The explosive growth of mobile apps isn’t showing any signs of slowing down. According to research company Gartner, 102 billion apps will be downloaded from mobile app stores in 2013, nearly 40 billion more downloads than 2012. Total revenue of app downloads is also expected to increase from $18 billion last year to $26 billion by the end of 2013. Although Gartner‘s projections show continuous growth through 2017, the rate of growth is expected to slow starting next year. More →
Yes, there are downsides to Google’s policy of letting anyone publish their apps on Google Play. Symantec has found that scammers published almost 1,000 fraudulent apps on Google Play in August alone, most of which were deleted within hours of posting on the store. But even though Google was quick to delete the fraudulent Android apps, Symantec estimates that they were still downloaded more than 10,000 times. Symantec also says that one group is responsible for 97% of the fraudulent apps, which typically “include numerous links to various online adult-related sites, but one or two links actually lead to fraudulent sites that attempt to con people into paying a fee without properly signing them up for the paid service.”
According to new July figures from app analytics firm Distimo, Google Play’s app revenue has now increased by an impressive 67% since the start of the year. This includes a torrid 11% month-over-month app revenue growth during July alone. In comparison, the iOS platform’s app revenue has grown by just 15% so far this year and by 3% during July. One sign of Google Play’s emerging powerhouse status is that the combined app revenue generated by Japan and South Korea now matches that of the United States. The sudden Android app revenue growth spike of the past 12 months has turned Asia’s two leading countries into globally significant app markets. More →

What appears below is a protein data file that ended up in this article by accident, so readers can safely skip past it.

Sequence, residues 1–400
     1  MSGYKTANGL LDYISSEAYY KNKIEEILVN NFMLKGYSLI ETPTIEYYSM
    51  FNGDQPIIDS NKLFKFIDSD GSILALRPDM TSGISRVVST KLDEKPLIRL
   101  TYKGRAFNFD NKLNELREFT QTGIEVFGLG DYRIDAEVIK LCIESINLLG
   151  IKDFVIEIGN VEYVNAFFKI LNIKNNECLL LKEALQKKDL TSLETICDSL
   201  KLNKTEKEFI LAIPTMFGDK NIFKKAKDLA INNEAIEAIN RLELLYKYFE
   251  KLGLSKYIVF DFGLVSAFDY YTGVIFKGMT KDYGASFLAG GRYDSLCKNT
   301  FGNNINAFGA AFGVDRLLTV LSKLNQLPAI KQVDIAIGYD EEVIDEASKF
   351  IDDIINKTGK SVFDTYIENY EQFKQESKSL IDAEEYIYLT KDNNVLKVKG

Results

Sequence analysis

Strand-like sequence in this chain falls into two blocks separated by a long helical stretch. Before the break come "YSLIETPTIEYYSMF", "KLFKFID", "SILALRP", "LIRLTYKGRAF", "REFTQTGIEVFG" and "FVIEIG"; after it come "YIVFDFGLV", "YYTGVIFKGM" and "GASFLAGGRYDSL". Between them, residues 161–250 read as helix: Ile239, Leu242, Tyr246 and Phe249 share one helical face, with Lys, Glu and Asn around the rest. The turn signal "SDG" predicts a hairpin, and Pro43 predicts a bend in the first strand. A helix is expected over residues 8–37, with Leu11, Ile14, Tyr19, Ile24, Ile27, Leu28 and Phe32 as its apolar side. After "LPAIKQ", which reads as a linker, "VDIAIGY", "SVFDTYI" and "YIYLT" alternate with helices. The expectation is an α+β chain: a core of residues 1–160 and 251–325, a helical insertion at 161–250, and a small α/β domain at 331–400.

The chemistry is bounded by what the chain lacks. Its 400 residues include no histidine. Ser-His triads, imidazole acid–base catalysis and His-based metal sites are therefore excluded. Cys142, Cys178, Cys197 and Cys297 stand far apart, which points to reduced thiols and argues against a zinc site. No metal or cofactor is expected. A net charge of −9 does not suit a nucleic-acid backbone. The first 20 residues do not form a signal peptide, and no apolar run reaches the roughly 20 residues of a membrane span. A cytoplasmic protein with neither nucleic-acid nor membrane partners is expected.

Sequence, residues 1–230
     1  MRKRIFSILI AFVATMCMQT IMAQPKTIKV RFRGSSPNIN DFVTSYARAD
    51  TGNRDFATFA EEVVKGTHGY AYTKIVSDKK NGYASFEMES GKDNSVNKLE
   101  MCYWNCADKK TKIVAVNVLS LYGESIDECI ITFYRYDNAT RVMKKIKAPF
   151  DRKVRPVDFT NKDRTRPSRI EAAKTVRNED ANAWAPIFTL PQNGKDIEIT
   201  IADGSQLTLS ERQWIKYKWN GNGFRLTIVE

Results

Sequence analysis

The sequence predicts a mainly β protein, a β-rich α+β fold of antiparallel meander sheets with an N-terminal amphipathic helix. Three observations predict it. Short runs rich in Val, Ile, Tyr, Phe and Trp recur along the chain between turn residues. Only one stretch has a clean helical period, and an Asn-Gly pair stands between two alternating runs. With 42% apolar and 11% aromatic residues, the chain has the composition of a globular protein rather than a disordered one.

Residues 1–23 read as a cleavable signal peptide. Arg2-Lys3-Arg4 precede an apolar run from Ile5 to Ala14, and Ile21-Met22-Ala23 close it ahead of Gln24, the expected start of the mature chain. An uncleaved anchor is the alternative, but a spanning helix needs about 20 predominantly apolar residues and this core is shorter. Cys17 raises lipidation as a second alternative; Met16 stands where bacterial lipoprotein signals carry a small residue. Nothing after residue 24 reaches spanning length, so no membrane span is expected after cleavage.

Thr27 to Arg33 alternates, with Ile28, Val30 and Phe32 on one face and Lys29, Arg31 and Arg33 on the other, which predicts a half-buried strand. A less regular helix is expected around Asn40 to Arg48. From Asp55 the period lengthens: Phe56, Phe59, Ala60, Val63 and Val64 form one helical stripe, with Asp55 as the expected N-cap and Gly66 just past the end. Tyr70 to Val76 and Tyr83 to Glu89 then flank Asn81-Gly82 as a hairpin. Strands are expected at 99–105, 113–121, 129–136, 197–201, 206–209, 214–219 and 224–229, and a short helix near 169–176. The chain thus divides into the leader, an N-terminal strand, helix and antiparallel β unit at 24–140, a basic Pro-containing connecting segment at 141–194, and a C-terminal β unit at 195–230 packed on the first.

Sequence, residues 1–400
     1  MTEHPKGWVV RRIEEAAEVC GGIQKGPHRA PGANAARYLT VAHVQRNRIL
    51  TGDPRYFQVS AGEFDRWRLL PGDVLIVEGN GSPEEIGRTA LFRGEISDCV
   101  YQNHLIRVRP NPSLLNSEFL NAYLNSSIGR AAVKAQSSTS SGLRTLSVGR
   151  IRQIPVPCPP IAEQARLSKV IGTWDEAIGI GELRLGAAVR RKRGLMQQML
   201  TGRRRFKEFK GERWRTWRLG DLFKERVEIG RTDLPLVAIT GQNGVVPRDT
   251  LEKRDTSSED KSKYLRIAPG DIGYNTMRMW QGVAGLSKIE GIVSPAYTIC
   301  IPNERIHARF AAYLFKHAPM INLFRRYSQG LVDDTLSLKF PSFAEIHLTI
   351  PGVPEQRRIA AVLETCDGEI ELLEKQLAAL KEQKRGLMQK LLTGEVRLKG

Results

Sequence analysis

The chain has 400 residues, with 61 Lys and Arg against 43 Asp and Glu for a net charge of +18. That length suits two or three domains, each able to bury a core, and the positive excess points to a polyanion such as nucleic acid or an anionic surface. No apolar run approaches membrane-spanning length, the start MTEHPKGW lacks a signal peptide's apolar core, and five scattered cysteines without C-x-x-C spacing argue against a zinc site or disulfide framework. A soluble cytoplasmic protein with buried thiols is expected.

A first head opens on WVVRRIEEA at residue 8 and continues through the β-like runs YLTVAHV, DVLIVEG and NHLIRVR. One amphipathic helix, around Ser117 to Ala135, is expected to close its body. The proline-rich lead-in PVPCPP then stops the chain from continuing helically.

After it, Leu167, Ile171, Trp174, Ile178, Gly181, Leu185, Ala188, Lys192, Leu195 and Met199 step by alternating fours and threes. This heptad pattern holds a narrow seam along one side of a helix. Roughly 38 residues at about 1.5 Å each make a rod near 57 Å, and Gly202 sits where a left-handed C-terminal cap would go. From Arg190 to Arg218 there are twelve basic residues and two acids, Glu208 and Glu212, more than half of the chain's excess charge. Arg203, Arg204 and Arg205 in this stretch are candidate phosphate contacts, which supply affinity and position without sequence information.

Google Play’s All Access service is one of the better music streaming deals out there. It lets users upload up to 20,000 of their own songs onto Google’s cloud while also giving them unlimited streaming access to the millions of songs in the Google Play library for just $9.99 per month. And now, Billboard reports that Google is working out a deal with Verizon to bundle All Access subscriptions in with Verizon users’ wireless bills. Billboard’s sources say that Google wants to “leverage Verizon’s existing billing relationship with its customers, making the payment process as frictionless as possible” so that mobile users are given the option of adding an All Access subscription to their Verizon plan that will cost them a little extra each month.